A Night at the Kabuki at Sadler’s Wells
Off the London West End, highly anticipated Japanese play A Night at the Kabuki welcomes a foyer buzzing with a multi-generational and international crowd. Acclaimed theatre director, playwright and actor Hideki Noda, with his intention to bring Japanese theatre to global audiences, takes the London stage for three autumn days and nights and connects the unimaginable dots between William Shakespeare’s well-loved Romeo a Juliet, Queen’s Bohemian Rhapsody and the late 12th century Samurai age in Japan. The reimagined classical story plays with the aftermath of Romeo and Juliet’s disaster should they have survived, through modern theatrical devices, comical dialogue, extravagant Japanese costumes, loud music, dancing and even a little irony.
The first act of the play is undoubtedly the stronger half with a satirical introduction of social expectations around women’s swimming costumes that certainly offers a more layered dialogue than just jokes simply leaving the actors’ lips. As the star-crossed lovers’ familiar journey unfolds, Queen’s Love of My Life and You’re My Best Friend blast from the speakers, and samurai clans clash on the stage, just as the Capulets and Montagues did. The audience laugh, clap and then realise that they are invited to a familiar yet mysterious adventure. Utilising selfie sticks as weapons, sneaking in a joke about Japanese brand Muji, a play on words where Platinum is Mercury’s twin brother, and running around in breathtaking kimonos are just some elements that make the production colourful, brave and a unique experience for European audiences. Not to mention, this time, Romeo and Juliet are given a second chance, and finally survive and fall out of love.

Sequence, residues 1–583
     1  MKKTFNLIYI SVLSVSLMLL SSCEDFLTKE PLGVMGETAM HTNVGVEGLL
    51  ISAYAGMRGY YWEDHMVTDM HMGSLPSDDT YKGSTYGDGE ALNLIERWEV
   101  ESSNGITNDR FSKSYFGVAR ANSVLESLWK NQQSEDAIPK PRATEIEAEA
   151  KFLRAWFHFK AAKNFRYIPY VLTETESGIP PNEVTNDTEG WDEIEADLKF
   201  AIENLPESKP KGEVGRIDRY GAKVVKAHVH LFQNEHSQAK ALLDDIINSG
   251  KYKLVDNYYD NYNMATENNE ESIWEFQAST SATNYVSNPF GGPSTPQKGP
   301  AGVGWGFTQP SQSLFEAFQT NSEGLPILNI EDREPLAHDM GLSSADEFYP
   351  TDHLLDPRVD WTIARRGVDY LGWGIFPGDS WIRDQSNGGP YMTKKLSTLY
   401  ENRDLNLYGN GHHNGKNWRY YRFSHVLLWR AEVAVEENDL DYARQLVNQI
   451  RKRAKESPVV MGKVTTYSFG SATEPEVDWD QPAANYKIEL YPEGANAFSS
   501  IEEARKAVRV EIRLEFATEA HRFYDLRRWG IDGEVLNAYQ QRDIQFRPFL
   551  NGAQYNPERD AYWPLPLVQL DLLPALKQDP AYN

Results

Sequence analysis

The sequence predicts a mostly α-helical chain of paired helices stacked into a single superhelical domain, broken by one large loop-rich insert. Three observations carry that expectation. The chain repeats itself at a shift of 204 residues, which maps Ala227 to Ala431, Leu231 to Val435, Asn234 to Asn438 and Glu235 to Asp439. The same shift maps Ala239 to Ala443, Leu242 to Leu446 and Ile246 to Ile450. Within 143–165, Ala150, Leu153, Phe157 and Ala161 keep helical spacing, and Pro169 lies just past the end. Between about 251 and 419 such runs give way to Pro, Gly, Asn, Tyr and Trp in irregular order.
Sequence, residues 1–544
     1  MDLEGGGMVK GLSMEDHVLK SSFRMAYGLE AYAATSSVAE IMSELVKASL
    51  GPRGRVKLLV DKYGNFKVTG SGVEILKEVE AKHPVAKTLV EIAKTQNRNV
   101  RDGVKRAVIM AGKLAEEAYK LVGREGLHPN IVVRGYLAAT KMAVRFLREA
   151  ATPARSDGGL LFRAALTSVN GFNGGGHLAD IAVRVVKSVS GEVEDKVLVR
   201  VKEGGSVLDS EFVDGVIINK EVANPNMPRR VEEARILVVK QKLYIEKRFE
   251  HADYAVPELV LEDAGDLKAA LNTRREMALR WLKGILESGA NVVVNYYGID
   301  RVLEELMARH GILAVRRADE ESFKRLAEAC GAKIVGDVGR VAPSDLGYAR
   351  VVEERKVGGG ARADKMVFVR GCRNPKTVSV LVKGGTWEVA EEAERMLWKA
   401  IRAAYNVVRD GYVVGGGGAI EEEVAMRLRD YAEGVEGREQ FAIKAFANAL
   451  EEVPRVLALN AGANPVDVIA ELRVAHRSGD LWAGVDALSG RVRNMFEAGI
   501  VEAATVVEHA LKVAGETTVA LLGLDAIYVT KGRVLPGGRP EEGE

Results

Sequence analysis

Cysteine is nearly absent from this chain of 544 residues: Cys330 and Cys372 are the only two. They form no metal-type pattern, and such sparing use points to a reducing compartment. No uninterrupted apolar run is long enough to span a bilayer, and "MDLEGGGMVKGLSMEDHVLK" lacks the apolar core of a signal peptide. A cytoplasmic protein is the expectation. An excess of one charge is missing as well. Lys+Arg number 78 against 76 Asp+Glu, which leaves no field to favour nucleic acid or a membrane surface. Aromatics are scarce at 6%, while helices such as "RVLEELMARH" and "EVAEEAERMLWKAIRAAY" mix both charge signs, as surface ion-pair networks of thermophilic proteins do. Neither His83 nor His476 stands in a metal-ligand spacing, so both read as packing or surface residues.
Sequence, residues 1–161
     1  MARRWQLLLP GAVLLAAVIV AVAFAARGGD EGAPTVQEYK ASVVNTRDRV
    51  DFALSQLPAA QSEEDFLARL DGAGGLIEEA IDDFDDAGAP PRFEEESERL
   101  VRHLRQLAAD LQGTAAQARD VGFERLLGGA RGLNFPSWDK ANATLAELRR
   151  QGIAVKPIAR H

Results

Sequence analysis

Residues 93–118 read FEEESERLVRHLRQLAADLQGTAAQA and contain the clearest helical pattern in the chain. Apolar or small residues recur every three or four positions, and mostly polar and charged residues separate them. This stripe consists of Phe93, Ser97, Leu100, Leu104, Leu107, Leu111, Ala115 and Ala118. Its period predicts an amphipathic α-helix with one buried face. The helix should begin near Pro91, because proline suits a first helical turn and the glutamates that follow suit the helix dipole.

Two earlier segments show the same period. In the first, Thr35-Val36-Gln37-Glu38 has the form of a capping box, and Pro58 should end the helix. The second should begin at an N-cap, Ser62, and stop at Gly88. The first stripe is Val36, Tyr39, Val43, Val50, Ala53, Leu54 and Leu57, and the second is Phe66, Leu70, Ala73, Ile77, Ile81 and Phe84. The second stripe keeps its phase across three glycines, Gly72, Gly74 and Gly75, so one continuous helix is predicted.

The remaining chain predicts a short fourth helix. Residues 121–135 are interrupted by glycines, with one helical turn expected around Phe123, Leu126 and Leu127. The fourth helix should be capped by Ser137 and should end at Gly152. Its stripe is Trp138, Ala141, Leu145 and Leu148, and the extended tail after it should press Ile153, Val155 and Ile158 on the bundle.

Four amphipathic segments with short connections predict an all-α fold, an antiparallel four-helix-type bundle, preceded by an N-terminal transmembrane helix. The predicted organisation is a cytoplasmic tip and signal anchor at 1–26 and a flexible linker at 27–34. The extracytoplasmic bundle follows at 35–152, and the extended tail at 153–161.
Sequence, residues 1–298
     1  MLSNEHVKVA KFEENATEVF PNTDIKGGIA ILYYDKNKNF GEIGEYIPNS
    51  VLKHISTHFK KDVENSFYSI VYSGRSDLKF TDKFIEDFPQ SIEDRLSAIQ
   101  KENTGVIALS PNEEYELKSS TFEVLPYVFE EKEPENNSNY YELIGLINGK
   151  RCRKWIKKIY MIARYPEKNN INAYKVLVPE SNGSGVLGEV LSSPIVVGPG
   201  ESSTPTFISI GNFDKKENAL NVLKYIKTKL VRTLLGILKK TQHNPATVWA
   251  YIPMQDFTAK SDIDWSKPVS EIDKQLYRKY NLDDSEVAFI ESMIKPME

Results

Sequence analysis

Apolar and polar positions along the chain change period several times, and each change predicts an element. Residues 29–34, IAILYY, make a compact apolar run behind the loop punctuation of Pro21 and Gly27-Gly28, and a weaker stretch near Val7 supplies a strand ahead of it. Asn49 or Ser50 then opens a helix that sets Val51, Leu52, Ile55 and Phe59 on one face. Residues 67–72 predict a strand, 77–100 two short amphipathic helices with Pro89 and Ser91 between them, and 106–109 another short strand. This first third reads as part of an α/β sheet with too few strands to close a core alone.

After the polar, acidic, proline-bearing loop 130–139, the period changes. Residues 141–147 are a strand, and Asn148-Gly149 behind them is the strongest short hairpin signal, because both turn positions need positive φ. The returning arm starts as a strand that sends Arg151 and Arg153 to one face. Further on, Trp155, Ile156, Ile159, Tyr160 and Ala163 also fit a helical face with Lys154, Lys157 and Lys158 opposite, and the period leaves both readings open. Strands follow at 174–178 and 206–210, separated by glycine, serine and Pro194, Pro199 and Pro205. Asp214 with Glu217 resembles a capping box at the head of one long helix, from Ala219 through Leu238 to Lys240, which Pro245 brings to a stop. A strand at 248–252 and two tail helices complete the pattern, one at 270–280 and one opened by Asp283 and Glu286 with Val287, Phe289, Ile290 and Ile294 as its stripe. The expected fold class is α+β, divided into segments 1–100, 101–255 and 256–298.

It’s undeniably clear that the songs of Queen hold a special place in Noda’s heart, and that Freddie Mercury (as he did in the past)– would reciprocate the gesture towards the playwright, Japanese theatre and, not least, A Night at the Kabuki. After several curtain calls along a standing ovation, the audience leaves, and some rush to the stage doors to greet and celebrate the actors. Non-Japanese speakers will have only one wish left after a two-hour-50-minute play, which is that they would have learned a bit of Japanese in advance, only if for a night.
A Night at the Kabuki is at Sadler’s Wells from 22nd September until 24th September 2022. For further information or to book visit the theatre’s website here.
Watch a trailer for the production here: